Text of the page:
And so when we presented them a petition that says, “we’re going to achieve justice all the way on this, and we’re going to work with Russia, and we’re going to fight these bloody terrorists, and we’re going to bring justice back.”. . . And we’ve tapped into something: There were octogenarian professors and people in the arts, and retired door-men, and so forth, and all of them,— you know, you get your weakling, who says, “ohhh, that’s LaRouche. . .” And then they’re trying to remember why they don’t like LaRouche, and then you say, “He’s the one that the Bushes put in jail because he’s been fighting against these stupid wars his whole life, since he fought against Hitler. . .” and then they go, “Oh? Okay!” and then, you know, you can just blow away decades of decadence and degeneration and tragedy by stepping forth as you have done with us now, to say, “Well, we’re planting the guidon and we are going to win this one.”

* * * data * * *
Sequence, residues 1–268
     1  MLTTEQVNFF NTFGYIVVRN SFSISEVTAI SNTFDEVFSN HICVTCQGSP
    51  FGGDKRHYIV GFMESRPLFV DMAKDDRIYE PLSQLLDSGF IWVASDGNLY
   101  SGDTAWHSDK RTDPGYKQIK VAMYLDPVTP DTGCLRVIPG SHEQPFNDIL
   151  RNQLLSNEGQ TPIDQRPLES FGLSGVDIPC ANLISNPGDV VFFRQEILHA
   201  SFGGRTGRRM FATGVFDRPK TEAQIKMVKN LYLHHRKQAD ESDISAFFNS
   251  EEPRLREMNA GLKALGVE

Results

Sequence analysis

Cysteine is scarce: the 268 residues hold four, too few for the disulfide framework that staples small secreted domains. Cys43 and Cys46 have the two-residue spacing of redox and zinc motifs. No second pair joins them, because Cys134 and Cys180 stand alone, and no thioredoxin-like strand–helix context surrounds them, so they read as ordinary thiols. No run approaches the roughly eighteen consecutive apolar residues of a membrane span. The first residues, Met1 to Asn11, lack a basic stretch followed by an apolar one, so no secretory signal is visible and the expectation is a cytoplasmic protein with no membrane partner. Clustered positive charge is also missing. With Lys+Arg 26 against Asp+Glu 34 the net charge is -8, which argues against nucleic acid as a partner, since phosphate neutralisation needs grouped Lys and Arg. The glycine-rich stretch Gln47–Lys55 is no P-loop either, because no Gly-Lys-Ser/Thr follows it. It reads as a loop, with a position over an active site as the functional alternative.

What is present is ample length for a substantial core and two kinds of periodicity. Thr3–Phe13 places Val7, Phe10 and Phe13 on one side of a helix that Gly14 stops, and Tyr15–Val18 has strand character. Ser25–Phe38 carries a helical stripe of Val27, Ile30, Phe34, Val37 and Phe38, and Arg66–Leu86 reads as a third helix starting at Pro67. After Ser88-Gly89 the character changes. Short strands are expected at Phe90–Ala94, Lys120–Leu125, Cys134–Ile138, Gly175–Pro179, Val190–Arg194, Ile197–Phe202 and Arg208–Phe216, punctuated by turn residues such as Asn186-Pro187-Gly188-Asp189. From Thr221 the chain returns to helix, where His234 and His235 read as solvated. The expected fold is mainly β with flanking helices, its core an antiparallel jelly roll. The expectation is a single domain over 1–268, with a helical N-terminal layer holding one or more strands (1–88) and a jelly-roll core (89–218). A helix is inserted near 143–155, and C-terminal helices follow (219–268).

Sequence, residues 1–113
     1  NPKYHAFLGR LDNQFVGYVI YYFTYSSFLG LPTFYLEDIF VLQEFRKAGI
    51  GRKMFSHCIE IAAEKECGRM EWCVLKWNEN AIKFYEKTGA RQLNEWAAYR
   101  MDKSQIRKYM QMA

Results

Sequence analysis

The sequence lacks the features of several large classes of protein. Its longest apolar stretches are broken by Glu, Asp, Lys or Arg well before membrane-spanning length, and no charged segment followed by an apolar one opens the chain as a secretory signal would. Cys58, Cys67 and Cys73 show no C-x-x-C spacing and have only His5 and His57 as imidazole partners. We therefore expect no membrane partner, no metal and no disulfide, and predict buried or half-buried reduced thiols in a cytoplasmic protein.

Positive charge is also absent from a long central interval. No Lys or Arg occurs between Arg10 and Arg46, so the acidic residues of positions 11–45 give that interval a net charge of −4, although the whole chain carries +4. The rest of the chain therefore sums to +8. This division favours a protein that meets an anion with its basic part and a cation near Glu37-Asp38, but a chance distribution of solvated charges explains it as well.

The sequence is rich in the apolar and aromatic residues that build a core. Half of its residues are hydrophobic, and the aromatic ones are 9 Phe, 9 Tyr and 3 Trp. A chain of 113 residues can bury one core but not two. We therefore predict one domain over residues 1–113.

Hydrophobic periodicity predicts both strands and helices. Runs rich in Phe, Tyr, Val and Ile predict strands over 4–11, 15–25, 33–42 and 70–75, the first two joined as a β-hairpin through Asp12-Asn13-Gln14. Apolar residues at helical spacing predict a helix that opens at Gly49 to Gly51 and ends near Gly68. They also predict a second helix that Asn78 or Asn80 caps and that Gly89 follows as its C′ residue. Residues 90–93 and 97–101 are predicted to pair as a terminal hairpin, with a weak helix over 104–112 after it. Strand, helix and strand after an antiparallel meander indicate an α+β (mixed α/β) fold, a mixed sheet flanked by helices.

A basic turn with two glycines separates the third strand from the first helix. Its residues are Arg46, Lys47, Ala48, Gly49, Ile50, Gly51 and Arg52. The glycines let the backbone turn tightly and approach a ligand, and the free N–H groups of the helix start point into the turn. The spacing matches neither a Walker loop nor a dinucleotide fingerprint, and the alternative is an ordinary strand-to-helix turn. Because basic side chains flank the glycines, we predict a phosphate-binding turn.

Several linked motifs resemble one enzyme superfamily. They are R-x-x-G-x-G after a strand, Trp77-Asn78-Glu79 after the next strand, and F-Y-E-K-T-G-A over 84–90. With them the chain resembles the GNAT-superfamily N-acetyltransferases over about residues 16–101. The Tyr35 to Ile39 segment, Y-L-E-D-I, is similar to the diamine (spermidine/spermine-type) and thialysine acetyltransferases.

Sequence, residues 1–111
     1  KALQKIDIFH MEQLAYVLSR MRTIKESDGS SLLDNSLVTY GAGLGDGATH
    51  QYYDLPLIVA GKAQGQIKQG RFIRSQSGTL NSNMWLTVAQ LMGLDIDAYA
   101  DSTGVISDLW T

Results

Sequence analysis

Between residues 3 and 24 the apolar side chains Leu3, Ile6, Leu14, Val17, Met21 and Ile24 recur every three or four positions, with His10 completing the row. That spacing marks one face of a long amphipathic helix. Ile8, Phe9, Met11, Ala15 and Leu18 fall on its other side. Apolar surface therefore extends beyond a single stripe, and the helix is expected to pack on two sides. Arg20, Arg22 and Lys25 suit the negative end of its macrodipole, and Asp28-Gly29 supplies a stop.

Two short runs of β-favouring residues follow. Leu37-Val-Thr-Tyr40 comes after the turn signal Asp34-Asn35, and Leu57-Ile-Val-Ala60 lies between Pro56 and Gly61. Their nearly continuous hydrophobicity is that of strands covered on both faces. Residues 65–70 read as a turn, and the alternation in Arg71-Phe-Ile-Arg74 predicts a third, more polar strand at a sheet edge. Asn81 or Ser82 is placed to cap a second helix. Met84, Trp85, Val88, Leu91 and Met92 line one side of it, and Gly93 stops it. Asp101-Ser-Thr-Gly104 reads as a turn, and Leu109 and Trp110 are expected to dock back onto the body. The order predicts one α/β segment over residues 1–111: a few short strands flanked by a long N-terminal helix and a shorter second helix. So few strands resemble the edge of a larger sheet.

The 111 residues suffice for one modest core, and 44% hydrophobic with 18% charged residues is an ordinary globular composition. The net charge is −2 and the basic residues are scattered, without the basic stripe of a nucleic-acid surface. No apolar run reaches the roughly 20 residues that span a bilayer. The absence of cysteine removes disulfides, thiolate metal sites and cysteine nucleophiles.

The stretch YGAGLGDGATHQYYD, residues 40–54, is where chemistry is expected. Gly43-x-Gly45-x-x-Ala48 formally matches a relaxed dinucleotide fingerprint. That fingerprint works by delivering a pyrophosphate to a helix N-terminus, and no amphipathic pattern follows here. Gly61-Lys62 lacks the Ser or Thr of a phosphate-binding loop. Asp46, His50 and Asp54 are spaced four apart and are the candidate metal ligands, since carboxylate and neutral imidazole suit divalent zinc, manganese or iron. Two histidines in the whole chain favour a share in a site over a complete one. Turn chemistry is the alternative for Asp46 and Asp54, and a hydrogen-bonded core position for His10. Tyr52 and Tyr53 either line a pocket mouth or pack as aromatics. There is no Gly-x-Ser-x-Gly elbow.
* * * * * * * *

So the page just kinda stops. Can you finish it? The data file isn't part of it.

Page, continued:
LaRouche: Sehr gut! Thank you!
Speed: All right, so we seem to have clear directives from you. There haven’t been any vocalized objections, so I guess what I’d like to ask you, Lyn, is to give us whatever summary remark—actually, what you said to Elliot was pretty clear, but I don’t know if you have anything else for us.
LaRouche: Well, simply, we should consider ourselves as in a march, a march for victory, a victory for mankind; a victory for the United States, a victory for the future of mankind in general. And for achieving things as people, which mankind has never successfully done well, so far.
Speed: OK, thank you. I hope we see you next week!